The Korea Foundation for International Healthcare (KOFIH) has begun public awareness on clubfoot in Ghana.
KOFIH’s Ghana Chapter Global Alumni is leading the campaign in collaboration with the Ministry of Health and the Ghana Health Service.
Clubfoot is a deformity in which an infant’s foot is turned inward, often so severely that the bottom of the foot faces sideways or even upward.
One infant in every 1,000 live births has clubfoot, according to statistics.
Eighty percent of all clubfoot cases occur in low middle-income countries including Ghana, with only 15 percent having access to treatment.
Though the cause of clubfoot is unknown, some risk factors have been identified including family history, with secondary causes including genetic syndrome and neurologic conditions.
In Ghana, where 928 babies are born with clubfoot, superstition and curses have been cited by some as the cause.
This experts say leads to neglect of treatment thereby ruining the lives of children.
“If the child is left unattended to, the child becomes a permanent disability in our society and becomes a burden on the family and becomes a burden on the country at large,” observed the Vice President of KOFIH, Global Alumni Ghana Chapter, Gaetan Charles Adangabey.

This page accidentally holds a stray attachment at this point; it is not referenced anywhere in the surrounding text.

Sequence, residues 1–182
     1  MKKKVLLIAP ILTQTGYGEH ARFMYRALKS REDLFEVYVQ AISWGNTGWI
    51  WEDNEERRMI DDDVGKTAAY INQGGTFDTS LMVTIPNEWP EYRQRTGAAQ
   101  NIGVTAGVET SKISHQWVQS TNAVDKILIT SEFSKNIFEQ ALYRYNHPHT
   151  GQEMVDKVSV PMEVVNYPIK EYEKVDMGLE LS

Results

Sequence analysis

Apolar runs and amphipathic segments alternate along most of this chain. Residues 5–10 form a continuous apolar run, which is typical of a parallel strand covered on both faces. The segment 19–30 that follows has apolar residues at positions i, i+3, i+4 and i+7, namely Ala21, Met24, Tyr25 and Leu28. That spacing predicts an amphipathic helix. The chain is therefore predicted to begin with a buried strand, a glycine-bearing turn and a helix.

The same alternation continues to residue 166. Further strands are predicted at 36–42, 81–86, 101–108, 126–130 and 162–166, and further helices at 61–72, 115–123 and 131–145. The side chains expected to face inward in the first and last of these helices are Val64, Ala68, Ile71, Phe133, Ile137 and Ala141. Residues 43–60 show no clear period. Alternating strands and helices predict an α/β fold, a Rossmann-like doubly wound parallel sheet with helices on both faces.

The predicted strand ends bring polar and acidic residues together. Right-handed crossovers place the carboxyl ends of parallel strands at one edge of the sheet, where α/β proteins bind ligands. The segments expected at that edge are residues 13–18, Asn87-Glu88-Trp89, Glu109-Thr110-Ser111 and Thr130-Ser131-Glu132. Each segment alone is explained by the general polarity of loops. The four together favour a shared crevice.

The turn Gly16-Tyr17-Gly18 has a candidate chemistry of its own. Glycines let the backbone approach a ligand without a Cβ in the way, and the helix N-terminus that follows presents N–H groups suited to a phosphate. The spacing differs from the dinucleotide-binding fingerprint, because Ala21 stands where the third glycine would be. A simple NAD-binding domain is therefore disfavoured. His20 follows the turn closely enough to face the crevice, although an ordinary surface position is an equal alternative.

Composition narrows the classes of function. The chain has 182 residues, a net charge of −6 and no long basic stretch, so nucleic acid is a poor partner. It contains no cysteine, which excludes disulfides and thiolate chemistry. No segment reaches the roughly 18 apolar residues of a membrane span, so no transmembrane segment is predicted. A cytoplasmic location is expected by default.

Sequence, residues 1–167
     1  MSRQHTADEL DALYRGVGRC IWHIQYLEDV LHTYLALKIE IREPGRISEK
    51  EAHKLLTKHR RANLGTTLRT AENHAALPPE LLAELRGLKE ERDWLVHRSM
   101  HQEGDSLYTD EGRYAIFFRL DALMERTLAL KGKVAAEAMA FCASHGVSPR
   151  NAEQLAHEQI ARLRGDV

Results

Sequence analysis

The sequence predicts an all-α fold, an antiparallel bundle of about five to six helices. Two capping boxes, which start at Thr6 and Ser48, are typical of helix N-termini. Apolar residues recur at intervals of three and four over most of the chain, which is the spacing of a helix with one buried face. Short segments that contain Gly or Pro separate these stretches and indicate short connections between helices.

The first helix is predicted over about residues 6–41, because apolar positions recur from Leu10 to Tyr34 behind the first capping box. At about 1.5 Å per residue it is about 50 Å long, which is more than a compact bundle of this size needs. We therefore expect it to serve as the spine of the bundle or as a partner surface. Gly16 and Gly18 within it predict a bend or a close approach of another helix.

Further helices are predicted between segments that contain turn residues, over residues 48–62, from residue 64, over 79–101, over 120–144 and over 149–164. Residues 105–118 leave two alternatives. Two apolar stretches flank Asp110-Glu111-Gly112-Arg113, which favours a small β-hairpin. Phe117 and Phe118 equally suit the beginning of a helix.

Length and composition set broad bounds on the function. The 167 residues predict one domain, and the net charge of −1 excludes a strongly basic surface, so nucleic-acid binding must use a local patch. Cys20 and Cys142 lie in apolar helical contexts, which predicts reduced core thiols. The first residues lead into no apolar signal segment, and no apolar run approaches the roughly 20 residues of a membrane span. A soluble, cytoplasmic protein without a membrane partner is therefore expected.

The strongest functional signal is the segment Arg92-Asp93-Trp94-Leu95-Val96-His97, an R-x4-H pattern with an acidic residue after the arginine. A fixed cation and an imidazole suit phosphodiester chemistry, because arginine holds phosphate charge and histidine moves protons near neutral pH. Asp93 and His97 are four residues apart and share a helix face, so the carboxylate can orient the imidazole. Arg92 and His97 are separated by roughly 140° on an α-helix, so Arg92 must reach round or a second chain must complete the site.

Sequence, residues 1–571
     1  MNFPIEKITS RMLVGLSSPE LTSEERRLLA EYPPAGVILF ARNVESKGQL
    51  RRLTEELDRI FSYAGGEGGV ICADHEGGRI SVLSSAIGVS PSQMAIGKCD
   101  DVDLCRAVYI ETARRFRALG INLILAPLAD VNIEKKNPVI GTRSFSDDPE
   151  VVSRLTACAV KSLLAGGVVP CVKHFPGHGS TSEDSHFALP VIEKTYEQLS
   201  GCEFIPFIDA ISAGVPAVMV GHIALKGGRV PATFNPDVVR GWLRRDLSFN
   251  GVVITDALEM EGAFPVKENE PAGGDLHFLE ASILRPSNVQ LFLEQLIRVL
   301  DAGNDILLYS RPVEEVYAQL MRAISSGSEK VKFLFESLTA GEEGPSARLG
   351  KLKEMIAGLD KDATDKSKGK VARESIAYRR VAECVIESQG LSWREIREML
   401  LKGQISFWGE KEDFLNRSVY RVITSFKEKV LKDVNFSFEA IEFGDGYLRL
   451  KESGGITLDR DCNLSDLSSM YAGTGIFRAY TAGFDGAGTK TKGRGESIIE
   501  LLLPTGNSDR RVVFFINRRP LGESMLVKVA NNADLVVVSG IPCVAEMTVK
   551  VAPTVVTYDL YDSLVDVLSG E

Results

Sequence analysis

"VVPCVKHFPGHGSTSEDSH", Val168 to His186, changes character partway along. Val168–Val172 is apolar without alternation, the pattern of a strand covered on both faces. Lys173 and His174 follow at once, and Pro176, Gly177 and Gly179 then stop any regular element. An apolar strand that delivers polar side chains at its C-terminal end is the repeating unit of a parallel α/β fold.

“That is why we find street children who cannot walk, crawling in traffic, begging for alms.”
Treatment is said to be less than $400 per child with the deformity.
The success rate for treating is very high when identified early, according to Dr Reuben Kwesi Sakyi Ngissah, a Trauma and Orthopaedic Surgeon at the Greater Accra Regional Hospital.
“We are looking at 90 to 95 percent and this is based on studies that have been conducted over 50 years.”
KGA President Dr Ralph Armah encouraged parents and guardians as well as family members with relatives of club foot to seek medical attention “because help is available”.
The Ghana Clubfoot Initiative started in 2008.